HARRISBURG, Pa. (Reuters) - Jerry Sandusky, the former Penn State assistant football coach sentenced to decades in prison for sexually molesting boys, has lost his first appeal of a decision to strip him of his $4,900 monthly pension, but his lawyer says the fight is not over.
Charles J. Benjamin Jr. told Reuters on Friday he would appeal a decision by the State Employees Retirement System (SERS) to deny Sandusky’s motion to have his pension restored. In doing so, the governing board of SERS disregarded an official’s earlier recommendation to restore the pension.
Sandusky has 30 days to appeal Thursday’s SERS ruling to the state’s Commonwealth Court.
In a case that rocked the world of big-time college sports, Sandusky was found guilty in 2012 of sexually abusing 10 boys over 15 years, using his position in the prestigious football program to gain access to youth. The former coach, now 70, was sentenced to 30 to 60 years in prison.
In a second matter related to the Sandusky scandal, the Commonwealth Court on Thursday delayed until Feb. 17 the beginning of a trial on a lawsuit against the NCAA over sanctions imposed by the sports governing body to punish Penn State for its response to the scandal.
The suit, which aims to roll back the National Collegiate Athletic Association consent decree that punishes the Penn State football program for the way it handled the allegations against Sandusky, was filed by State Senator Jake Corman and State Treasurer Rob McCord.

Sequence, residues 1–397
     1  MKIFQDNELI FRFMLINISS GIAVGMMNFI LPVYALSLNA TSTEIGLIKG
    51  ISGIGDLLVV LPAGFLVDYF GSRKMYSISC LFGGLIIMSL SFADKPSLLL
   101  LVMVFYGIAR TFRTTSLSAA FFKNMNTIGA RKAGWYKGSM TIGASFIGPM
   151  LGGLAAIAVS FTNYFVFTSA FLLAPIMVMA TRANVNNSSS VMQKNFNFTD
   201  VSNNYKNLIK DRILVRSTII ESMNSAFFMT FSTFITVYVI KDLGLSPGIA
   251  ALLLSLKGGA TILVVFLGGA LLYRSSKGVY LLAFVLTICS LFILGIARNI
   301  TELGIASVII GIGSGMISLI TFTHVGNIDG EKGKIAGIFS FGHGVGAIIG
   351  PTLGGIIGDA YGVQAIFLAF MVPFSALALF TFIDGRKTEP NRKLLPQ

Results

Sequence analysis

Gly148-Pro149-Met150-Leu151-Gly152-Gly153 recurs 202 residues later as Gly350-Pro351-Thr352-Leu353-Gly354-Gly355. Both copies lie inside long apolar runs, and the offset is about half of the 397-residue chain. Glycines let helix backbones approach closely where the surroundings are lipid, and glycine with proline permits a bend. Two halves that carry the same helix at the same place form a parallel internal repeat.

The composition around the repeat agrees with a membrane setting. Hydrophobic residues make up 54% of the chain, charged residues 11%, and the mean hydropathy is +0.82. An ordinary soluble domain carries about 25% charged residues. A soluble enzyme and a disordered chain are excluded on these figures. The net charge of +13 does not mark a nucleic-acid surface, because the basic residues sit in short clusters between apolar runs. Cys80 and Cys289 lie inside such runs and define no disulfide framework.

The trial had been scheduled to open Jan. 6, but Judge Anne Covey said she needed more time to resolve document discovery issues.
On the pension issue, the governing board of SERS ruled that Sandusky was a Pennsylvania State University employee after he retired as defensive coordinator in 1999.
As such he was affected by a 2004 law that allows the state to strip the pension of a retired employee, if convicted of sexual misconduct.
The board’s opinion called Sandusky’s 1999 retirement “a sham” intended to allow him to take advantage of a handsome benefits package briefly offered to retirees by the state.
After retiring, the coach was immediately recalled to service for the 1999 football season. Later he signed an agreement that gave him access to athletic facilities, office space, and free admission to a university skybox at football games in return for promoting Penn State football. Sandusky allegedly used those perks to get close to some of the boys he was accused of molesting.
The agreement effectively made Sandusky a university employee, the board said, and not a volunteer as he contended.
Sandusky’s one-time boss, coaching legend Joe Paterno lost his job in the aftermath of the scandal. Paterno died in 2012 at age 85.
Editing By Frank McGurty and Gunna Dickson